As many of you know, I began working for The Brandit early last month, which shifted my work environment from jovial camaraderie to near solitude. This transition has not been as dire as it sounds, but one clear disadvantage made itself known quite early in the process: my chair.
Here is my old workspace, old chair in the foreground:
Nickelfish provides it’s employees with high-quality ergonomic chairs which are adjustable in more ways than one would care to know. This lies in stark contrast to my own $6 yard sale chair, and after less than one full workweek in it my lower back was beginning to pay the price. Not to mention that the chair and desk are both too short.
I have recently heard rumblings from friends and the internets alike about how standing desks are going to save the planet. While this might be a bit overstated, I did notice how much my sedentary, desk-hunching and car-driving lifestyle (totaling nearly 12 hours a day) affected my energy and overall fitness level (the latter gauged loosely by my endurance in intramural sports and weekly jogs). Let’s just say it affected it negatively.
I also began to experience a not insignificant level of back pain and soreness since switching work environments, and this appeared to be directly related to my bad working posture due to my desk/chair configuration.
Since I do not possess $500 to spend on a fancy chair, nor am I inclined to invest in a heavy-duty new desk that I will just have to move in a couple months (more on that later), I decided to disregard looks and go for a synthesis of functionality and frugality: build my own standing desk on top of my existing desk.
Step 1: Sketch
I used an ergonomic workspace planner to figure out the appropriate height for my keyboard and monitor and sketched from there. The original plan for the tabletops included some brackets and tabletops from Ikea, but I was doing this on a budget.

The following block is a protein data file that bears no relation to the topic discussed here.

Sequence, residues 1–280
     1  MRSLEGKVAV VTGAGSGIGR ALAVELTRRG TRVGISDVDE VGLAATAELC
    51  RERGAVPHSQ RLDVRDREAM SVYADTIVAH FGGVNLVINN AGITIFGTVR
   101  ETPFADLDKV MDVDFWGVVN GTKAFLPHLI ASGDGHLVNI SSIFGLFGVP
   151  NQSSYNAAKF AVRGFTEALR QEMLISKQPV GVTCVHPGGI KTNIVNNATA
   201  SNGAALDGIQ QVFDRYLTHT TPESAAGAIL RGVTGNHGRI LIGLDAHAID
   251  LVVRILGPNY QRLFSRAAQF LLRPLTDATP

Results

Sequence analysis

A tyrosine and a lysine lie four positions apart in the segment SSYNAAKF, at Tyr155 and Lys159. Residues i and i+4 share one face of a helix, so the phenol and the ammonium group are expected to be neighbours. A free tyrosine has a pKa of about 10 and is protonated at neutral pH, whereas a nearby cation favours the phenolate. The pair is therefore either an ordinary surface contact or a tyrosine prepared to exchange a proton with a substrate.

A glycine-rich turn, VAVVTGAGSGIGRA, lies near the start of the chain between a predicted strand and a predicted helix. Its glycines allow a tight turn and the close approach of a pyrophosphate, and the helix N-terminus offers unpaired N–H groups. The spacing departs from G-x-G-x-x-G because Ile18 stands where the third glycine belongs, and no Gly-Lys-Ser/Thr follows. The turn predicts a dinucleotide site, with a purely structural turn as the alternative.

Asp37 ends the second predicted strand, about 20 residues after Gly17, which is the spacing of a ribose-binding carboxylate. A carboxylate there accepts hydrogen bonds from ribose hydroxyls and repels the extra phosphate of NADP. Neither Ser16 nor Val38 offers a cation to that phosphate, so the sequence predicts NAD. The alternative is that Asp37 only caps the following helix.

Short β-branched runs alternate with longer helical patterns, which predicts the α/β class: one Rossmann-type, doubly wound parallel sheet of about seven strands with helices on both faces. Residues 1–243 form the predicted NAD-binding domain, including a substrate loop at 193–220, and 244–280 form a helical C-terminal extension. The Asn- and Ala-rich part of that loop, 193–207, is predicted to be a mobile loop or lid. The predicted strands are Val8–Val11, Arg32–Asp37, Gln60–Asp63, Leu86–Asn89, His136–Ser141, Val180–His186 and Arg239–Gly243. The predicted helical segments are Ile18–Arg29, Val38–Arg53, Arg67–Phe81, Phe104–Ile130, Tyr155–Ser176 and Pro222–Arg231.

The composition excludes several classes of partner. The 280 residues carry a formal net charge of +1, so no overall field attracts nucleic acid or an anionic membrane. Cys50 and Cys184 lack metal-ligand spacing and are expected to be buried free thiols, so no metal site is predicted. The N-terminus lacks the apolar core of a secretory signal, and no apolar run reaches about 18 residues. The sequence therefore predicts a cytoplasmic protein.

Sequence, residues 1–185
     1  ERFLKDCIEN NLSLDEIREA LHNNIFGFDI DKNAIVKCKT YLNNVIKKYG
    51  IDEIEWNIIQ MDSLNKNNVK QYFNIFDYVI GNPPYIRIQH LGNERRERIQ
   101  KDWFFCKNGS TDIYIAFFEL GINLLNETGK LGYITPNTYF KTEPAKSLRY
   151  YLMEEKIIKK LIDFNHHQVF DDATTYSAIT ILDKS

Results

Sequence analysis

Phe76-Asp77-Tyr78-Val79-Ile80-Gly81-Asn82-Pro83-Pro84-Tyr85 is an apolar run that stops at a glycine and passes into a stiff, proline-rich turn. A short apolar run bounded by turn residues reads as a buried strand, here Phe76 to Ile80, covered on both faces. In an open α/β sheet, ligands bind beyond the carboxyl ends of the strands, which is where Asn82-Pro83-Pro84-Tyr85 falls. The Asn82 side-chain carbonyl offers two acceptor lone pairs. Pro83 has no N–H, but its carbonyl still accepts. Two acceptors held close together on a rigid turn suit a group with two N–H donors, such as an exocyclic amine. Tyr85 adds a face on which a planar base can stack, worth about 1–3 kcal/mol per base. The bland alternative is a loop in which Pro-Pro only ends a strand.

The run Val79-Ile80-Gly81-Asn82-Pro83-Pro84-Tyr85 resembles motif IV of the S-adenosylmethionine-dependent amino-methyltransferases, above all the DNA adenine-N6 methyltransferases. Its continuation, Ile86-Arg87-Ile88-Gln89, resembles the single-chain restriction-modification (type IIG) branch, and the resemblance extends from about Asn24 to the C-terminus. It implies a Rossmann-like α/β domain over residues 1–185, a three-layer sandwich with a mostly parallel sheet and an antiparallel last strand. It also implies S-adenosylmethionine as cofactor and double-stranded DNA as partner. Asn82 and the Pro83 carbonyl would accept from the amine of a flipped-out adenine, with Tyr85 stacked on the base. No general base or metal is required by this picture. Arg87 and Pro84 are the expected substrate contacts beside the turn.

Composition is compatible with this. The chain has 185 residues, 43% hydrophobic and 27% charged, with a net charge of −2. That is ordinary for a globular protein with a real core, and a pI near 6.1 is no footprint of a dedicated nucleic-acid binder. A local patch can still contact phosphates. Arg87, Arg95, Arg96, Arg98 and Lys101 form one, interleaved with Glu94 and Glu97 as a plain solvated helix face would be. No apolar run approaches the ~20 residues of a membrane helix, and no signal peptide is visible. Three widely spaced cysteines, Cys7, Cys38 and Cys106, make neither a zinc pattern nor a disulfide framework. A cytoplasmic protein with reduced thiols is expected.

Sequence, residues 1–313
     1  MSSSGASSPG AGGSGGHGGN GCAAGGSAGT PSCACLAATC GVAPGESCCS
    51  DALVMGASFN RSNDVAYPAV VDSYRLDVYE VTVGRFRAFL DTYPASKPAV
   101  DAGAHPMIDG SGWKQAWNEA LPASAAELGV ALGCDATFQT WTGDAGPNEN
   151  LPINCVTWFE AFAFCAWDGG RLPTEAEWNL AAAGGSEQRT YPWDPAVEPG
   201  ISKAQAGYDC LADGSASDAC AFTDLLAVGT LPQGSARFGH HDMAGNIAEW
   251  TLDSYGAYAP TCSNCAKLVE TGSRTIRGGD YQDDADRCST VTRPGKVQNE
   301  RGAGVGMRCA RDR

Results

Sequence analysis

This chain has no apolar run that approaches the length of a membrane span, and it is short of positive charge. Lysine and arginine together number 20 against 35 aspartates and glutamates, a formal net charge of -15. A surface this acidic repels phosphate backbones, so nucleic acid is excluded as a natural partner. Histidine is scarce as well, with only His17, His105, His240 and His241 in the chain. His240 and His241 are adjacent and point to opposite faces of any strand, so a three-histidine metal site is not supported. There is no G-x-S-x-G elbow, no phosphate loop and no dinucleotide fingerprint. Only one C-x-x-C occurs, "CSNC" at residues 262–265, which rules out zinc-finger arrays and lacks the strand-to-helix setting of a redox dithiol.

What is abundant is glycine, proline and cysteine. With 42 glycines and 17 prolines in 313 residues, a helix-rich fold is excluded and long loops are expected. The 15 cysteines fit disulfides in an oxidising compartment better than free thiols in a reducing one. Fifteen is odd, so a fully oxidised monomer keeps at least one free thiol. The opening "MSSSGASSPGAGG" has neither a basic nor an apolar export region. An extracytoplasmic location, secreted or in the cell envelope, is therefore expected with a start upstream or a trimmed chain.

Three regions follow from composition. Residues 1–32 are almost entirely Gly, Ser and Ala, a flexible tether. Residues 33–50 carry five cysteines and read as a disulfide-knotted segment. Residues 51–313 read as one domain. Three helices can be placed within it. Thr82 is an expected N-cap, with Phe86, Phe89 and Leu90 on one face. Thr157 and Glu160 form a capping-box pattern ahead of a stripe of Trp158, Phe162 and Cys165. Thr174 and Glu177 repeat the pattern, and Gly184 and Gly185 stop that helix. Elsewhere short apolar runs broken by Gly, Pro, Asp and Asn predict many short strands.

The goal was to build the desk for $50 or less, so pre-fab tabletops and fancy brackets were out of the question. My wife and I visited Home Depot to see if they offered a budget solution.
Step 2: Purchase Stuff
We discovered laminated pine boards pre-cut to the exact depths I needed for my new tabletops (who knew?). They were cheap and looked nice.
2×4 framing braces would provide more than enough support for my needs, so we picked up 12 to attach to the top and bottom of the middle shelf and then attach the entire construction to my existing Target desktop.
Home Depot has a rack of cheap 2x4s from which we culled our tabletop supports, and since I don’t own any power tools (aside from a borrowed electric drill) paid the 50 cents per cut to have them trim the boards and 2x4s to length.
Possibly because he was in a good mood the guy at the checkout didn’t charge me for the salvaged 2X4s or the cuts. Screws and a sanding block rounded out the purchases at a tidy $47.59.
Step 3: Sand
I did not finish these boards with stain or paint, but elected to sand the edges of my tabletops since I would be resting both my hands and computer equipment on it.
Step 4: Assemble
The first step was to remove the existing Target desktop from the frame, which primarily meant unscrewing the expanding bolts that keep cheap pressboard furniture together.
As I began to layout the structural elements and measure for the supports, I realized the Home Depot guys hadn’t trimmed my 2x4s exactly the same length. A quick run back to the store remedied the problem.
After assembling the desk elements together we had to affix it to the desktop. Quick Tip: use masking tape on laminate surfaces to make it easier to mark screwholes AND prevent the laminate from splitting when you drill into it.
My wife Olivia, who helped me build it, is here seen tightening the fasteners that will keep the whole thing on the frame. We also nailed the desk backing material back in place onto the desktop.
And there you go: a standing desk for $50.
After two weeks of use I am used to the perpetual standing, but the soles of my feet are noticeably sore after a long day. I will be purchasing a mat soon that I hope will relieve that issue. However, since switching I haven’t had a hint of back pain and my running endurance has increased. Coincidence? Possibly, but there is definitely something to not hunching over a desk 10 hours a day…